There's a lot of buzz lately about the Rs of fashion (Reduce, Recycle, Rewear, Repair).
Photograph- ronstik/Getty Images/iStockphoto
The discussion has been further ignited especially because of the very real effects and temperature upside-downs, extreme climate catastrophes we lately have come to experience during and post the COVID pandemic.
But it all comes down to one basic but-oh so-essential question before you click the checkout button have ever asked yourself: "Will I wear it 30 times?"
The online shopping boom can and will significantly impact the environment, from the rise of delivery trucks, to a mountain of returns and a ton of wasted, unworn clothes discarded in landfills.
So, here’s how to avoid contributing to that, finding clothes you love even when you can’t feel the fabric against your skin.
1. Measure accurately
Almost all online retail stores, give extensive information in the form of tables, lists etc. about measurements still the most effective way to make sure you avert another bought-too-small or bought too-large an item is to take your measuring tape and measure yourself properly.
Even when you’re confident you have the closest possible size, you do not truly know how the item will sit on your body. A lot of brands detail the height of the model, allowing you to do a sort of conversion.
When shopping online, if you get to scrolling pages and pages of clothes, sooner rather than later waves of fatigue will not escape you and you will probably end up choosing something spontaneously and without paying much attention to whether you need it or not (yes, it happens to the best of us). One easy path against that, is to edit your shopping, be selective and narrow down your search as much as possible into brands, into product categories, into product types or even specific textiles.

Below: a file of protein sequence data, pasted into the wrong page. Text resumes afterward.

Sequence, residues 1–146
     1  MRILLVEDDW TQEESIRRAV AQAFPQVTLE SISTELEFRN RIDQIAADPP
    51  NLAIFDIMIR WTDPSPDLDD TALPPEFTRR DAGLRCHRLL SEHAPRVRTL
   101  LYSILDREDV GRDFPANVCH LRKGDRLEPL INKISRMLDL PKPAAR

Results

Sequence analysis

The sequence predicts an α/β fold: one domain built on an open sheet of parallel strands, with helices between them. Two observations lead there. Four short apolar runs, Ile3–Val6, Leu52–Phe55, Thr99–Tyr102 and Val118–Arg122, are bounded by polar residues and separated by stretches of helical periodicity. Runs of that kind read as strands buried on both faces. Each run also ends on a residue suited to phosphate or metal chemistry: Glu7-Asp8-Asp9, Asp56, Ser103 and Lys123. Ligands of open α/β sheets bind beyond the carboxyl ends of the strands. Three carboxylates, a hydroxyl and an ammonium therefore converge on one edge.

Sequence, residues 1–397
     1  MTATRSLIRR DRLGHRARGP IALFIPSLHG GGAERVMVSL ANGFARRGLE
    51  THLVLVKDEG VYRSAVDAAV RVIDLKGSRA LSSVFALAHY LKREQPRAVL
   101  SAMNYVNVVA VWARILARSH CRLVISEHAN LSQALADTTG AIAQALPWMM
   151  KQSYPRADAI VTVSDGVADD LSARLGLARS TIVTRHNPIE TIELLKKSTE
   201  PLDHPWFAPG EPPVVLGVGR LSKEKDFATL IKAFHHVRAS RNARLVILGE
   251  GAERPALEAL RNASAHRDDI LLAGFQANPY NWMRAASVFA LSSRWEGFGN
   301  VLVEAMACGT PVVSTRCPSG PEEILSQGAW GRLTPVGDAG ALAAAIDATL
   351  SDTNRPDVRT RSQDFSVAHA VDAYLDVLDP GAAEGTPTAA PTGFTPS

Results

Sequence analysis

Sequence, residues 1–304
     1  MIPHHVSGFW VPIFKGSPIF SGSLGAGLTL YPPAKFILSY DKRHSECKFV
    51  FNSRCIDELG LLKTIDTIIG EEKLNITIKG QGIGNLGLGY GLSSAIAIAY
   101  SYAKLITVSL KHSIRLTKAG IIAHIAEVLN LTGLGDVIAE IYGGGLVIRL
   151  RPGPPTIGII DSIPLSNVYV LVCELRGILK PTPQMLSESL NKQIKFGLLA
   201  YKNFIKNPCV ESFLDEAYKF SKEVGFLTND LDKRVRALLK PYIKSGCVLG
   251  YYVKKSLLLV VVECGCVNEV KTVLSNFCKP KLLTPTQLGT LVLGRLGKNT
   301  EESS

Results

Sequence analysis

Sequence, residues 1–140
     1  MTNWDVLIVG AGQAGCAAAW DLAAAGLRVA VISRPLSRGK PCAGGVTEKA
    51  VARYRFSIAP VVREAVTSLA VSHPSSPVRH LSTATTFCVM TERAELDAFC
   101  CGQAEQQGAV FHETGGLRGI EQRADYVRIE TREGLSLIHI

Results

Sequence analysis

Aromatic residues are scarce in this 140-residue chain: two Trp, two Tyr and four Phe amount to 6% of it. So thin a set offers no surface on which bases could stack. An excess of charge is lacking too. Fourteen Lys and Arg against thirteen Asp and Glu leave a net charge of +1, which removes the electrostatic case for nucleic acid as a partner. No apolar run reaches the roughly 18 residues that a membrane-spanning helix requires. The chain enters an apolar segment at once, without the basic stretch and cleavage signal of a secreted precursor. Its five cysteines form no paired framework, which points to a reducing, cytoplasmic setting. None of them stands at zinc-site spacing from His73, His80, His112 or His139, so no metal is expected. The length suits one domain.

3. Choose the One
..That truly suits you, your body, your personal style and elevates your features. Here, there is an advantage to shopping from home. It is here that the secrets of your personal style will reveal themselves, in the garments you wear on repeat and feel great in.
Don't get swept in by flashy new styles and arrivals, try to concentrate on what you truly like and know from past experience you will wear more than once and feel confident in it. This is the essence of a great purchase.
4. Support Small Ethical Brands
Oh yes! We all know and love obsessively to scroll through the pages of big retailers for the new hot thing but (and this is a big BUT), how about truly curating your shopping experience to focus on discovering and supporting small ethical brands. There are some gems handcrafted by small brands with respect to people and planet at CEMELI.com, all featured brands are small, women-run businesses.
Also, when choosing smaller brands you get to be part of a niche community which makes your shopping experience very personable, fun and memorable.
Stella McCartney’s winter 2017 collection was modelled against the backdrop of a landfill site. Photograph: Harley Weir and Urs Fischer for Stella McCartney
5. Minimise returns
Returns are not only a terrible hustle and psychological let down, but most notably, they are the prior stage to jettisoning garments into a landfill thus increasing the world's ever-present pile of waste.
Writer and former fashion editor Carolyn Asome maintains a “ruthlessly edited wardrobe and a mental checklist of what is missing, what could be updated, what needs to be repaired”. Buy clothes only if it fills a gap in your long-term list; also, give yourself a self-imposed cooling-off period and see if you still want it.
Georgina Wilson-Powell, founder and editor of Pebble magazine and author of Is It Really Green? recommends adhering to the 30 wears rule: “To work off the clothes’ carbon emissions created during production, you need to wear it 30 times. If you don’t think you’ll get that out of it, don’t buy it,” she says.
6. Know your fabrics
While not being able to feel the weight or see the drape of a garment is a disadvantage, most websites do give full details of fabric composition and you can always quickly inquire.
There should be specifics listed for fabrics that claim to be sustainable, such as the GOTS standard for organic cotton. You can also zoom in on the photographs, to try to get a better idea of fabric quality and basically compare and contrast the same fabric on other brands/ websites.